I sowed spinach seeds in early November. They didn’t germinate, and as the holidays drew near I left the seed flat alone in favor of other responsibilities.
I came back to it this week, intending to sow another round of early spring greens and my first round of summer vegetables.
Baby moss is growing in the flat.
This isn’t terribly surprising–after all, commercial seed starting mix often contains a high percentage of highly acidic peat moss, and acid soil combined with regular moisture typically yields moss.
While many people view moss as something to eradicate from the lawn, I love its texture, its character, and its ease of maintenance. I know very little about different species of mosses but am so intrigued by this happy gardening accident that I’m going to do a bit of research and nurture this plant along. I have a low brick wall in the shade that needs some aging.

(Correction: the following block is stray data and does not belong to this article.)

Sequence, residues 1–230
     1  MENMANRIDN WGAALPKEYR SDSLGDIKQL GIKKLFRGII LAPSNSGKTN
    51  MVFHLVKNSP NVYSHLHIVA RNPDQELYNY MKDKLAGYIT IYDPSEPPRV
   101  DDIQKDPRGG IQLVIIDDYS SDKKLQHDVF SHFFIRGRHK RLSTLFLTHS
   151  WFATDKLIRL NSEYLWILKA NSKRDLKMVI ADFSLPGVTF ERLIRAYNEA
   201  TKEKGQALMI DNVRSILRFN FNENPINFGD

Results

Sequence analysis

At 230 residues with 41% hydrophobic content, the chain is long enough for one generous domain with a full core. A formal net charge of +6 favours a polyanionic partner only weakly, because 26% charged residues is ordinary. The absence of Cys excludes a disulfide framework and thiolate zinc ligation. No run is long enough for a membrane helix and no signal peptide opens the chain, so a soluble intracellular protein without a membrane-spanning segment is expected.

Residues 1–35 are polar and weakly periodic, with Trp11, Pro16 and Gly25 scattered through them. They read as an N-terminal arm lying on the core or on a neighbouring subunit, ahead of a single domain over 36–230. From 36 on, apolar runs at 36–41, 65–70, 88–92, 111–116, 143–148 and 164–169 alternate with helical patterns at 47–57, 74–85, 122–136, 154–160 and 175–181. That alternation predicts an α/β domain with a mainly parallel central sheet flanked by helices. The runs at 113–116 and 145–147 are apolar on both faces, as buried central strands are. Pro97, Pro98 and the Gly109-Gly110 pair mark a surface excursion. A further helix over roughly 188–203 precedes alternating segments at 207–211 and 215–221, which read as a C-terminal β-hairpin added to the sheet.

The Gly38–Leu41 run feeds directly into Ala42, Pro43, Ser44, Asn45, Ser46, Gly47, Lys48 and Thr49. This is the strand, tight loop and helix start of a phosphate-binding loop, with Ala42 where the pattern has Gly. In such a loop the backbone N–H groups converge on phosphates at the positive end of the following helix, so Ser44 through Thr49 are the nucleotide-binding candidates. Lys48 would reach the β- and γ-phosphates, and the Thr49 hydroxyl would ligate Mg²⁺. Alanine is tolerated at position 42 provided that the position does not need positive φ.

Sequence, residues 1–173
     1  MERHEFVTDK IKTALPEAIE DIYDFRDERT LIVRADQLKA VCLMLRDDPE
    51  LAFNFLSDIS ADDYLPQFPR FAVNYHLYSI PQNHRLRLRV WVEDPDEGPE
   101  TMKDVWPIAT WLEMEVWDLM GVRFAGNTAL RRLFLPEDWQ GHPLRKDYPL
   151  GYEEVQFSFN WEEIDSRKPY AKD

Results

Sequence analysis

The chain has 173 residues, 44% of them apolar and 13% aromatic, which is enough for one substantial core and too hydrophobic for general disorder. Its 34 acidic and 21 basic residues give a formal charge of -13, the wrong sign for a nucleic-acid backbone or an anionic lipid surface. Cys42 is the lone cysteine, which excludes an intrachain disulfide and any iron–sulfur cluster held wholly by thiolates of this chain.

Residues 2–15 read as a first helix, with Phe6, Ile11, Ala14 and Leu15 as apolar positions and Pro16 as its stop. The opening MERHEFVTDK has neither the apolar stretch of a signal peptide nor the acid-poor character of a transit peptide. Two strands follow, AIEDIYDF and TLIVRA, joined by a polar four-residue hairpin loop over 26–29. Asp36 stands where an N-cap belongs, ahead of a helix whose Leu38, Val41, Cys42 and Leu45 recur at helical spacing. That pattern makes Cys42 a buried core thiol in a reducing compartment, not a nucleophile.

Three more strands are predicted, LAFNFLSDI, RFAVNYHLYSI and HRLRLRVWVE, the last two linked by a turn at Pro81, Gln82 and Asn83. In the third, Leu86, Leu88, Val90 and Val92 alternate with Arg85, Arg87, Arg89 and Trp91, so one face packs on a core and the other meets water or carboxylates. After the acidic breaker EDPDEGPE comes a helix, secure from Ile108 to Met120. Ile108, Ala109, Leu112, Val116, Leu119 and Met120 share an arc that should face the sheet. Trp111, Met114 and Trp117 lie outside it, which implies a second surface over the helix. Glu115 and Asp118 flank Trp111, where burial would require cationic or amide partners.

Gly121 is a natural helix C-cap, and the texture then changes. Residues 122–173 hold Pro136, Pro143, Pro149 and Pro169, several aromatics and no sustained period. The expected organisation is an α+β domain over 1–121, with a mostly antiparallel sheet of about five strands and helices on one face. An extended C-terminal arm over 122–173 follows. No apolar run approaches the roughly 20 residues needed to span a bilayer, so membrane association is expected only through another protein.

Do you know much about mosses? Please share your insights.
I love moss. I’d put a moss lawn in the back if I could.
I also love the idea of a moss lawn. I don’t have any space actually devoted to lawn just now, but I may create some moss paths once I get beds established in the very far reaches of my garden.
People who live in wet climate where moss does well usually do not like it. Those who live in climate that are not kind to moss growing seem to pine for it. Familiarity breeds contempt.
I don’t know much about them. Where I live you can grow moss but not easily. I have a patch of Irish moss (Sagina subulata) that is growing well in the shade between rocks. Around us are bogs where sphagnum moss grows on its own (in saturated ground).
Pingback: Garden project for a wet winter day: Desktop moss garden | MissingHenryMitchell